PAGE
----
Having discussed the “David Fewchuk Spirit of the Event” Award in the Bridgestone World Solar Challenge, I should say something about the CSIRO Technical Innovation Award as well. After all, technical innovation in sustainable transport is what the Bridgestone World Solar Challenge is really about. I should also note that, in the four races 2013–2019, Punch Powertrain (now Agoria) Solar Team have won the award twice.
2013 – Punch Powertrain (now Agoria) Solar Team
The Belgian car Indupol One finished sixth in 2013. It won the CSIRO Technical Innovation Award for its 3D-printed battery pack, which facilitated cooling of the 429 cells inside (I cannot find a photograph of the pack itself).
2015 – Solar Team Twente
Solar Team Twente won the award in 2015 for their SABINE (Solar Array Balancing Interface Not Expected), an improved MPPT system which handled shadows well (see here for a longer description in Dutch). SABINE helped Twente achieve second place.
Car photo: Anthony Dekker; Inset photo of SABINE: Patrick Ooms
2017 – Punch Powertrain (now Agoria) Solar Team
Punch Powertrain (now Agoria) won the award again in 2017 for their Geneva drive system to activate four-wheel steering. This allowed them to yaw the car during crosswinds, thereby gaining forward momentum by “sailing.” Blogger MostDece posted an illustrated explanation of the design at the time. Ironically, the regulations for 2021 have been altered to rule out such a design in future.
2019 – Kogakuin University Solar Team
Kogakuin finished fifth in 2019, in spite of crashing twice due to strong winds (see their dramatic after-race video here). They won the CSIRO Technical Innovation Award for their hydropneumatic suspension, which allowed height adjustment of the vehicle (see it in action here).
Also in 2019, Top Dutch Solar Racing won the inaugural Excellence in Engineering Award, for their beautifully constructed car (which came fourth):
The Bridgestone World Solar Challenge is on again in a year’s time. Here are the last four winners of the “David Fewchuk Spirit of the Event” Award. Together they demonstrate what the Bridgestone World Solar Challenge is all about:
2013 – Stanford Solar Car Project
Stanford came fourth in 2013, after a tough battle against Twente for third. This famous TEDx talk by Rachel Abril illustrates their spirit.
2015 – A Team of Helpers
In 2015, UiTM EcoPhoton Solar Racing Team suffered a devastating battery fire. At Alice Springs, a group of Cruiser-class team members were having a stage stop, and helped with overnight repairs of the car (mostly from UNSW and Minnesota, I understand, plus some people from Bochum, Eindhoven, and Kogakuin, together with some WSC officials and some solar car alumni travelling along with the race as spectators). If I recall correctly, Adem Rudin (a University of Minnesota Solar Vehicle Project alumnus) accepted the award on behalf of the whole group, and the award was retained by EcoPhoton.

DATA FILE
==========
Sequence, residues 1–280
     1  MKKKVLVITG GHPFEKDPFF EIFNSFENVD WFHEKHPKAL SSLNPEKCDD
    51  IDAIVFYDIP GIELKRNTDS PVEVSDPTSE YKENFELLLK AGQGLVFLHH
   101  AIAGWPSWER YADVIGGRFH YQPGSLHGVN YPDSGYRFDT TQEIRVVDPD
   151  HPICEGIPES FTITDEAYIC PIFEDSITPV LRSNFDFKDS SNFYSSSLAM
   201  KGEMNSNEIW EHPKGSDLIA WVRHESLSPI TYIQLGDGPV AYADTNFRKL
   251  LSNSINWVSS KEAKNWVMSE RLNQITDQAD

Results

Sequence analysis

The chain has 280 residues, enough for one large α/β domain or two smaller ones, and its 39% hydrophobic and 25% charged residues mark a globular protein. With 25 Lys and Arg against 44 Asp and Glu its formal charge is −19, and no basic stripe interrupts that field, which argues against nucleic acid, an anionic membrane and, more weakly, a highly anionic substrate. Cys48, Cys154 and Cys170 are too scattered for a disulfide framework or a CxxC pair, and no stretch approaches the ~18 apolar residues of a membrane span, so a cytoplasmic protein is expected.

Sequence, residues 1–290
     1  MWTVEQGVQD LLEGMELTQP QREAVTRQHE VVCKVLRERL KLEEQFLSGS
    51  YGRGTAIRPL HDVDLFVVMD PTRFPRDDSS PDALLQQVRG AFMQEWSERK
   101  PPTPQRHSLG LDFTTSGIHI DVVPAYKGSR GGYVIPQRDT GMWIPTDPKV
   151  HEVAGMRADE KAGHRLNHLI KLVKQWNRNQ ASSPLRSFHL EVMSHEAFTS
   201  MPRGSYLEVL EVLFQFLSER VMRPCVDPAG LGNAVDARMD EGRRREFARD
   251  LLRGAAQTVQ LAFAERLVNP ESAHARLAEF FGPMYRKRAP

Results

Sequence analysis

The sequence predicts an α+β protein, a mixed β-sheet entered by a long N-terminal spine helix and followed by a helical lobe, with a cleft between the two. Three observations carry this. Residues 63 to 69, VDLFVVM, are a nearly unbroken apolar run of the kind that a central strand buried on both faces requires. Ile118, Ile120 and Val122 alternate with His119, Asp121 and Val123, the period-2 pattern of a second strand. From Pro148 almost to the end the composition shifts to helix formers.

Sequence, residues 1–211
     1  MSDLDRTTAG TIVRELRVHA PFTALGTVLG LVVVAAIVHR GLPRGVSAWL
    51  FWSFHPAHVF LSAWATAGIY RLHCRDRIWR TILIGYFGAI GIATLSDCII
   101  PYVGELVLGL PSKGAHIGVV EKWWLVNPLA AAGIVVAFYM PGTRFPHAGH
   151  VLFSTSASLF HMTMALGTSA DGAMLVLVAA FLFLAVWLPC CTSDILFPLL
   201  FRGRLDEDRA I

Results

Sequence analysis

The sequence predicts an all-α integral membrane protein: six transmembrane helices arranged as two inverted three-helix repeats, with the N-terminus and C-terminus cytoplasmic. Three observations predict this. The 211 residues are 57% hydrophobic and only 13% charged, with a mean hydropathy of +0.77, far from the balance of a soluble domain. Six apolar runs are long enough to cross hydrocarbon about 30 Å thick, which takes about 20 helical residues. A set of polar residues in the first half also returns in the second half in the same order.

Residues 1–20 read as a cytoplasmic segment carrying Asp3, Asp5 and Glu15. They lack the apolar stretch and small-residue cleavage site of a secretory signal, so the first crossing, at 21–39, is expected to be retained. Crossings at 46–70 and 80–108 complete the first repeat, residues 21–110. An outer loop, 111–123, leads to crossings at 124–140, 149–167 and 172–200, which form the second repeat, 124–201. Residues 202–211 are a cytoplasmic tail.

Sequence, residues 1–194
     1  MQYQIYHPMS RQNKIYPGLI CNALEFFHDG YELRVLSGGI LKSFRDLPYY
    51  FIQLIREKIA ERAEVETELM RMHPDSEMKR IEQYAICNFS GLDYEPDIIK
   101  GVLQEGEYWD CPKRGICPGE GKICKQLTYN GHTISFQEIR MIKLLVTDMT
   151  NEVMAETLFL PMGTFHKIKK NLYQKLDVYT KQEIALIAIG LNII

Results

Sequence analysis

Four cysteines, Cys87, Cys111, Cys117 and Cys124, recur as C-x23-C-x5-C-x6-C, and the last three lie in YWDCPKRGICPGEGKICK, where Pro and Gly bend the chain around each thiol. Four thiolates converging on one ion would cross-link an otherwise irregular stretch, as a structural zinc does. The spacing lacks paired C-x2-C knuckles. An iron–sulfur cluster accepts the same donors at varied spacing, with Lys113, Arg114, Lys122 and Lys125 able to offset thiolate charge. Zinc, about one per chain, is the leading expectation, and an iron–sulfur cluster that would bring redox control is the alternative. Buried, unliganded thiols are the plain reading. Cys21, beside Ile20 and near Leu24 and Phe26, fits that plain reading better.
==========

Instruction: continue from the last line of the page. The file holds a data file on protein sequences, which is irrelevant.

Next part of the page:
2017 – Nuon (now Vattenfall) Solar Team
In 2017, Nuon (now Vattenfall) Solar Team won the Challenger class, but was also awarded the “David Fewchuk Spirit of the Event” Award for their “professionalism, team spirit and technical excellence.”
Photo: Anthony Dekker
2019 – Sonnenwagen Aachen
Sonnenwagen Aachen won the award in 2019 for not giving up in the face of all kinds of trouble. They stopped for five hours to repair their car on the Wednesday, just before Coober Pedy, after the car was blown off the road. There was another stop between Glendambo and Port Augusta, due to a broken shock absorber that had been damaged in the crash (Western Sydney Solar Team kindly helped get them back on the road). They wound up finishing sixth, and they also won the Safety Award. Ironically, the regulations for 2021 have been altered to rule out such a quick return to the road in future.
Photo: Anthony Dekker
It is Mars Close Approach again. Check Fourmilab Solar System Live for what the solar system looks like right now (and see the image above). Wolfram Alpha will calculate the distance for you (62,070,000 km right now).
Or check the actual night sky. “The Finger points / At an Eye blood-red,” as Anne McCaffrey wrote in Dragonflight.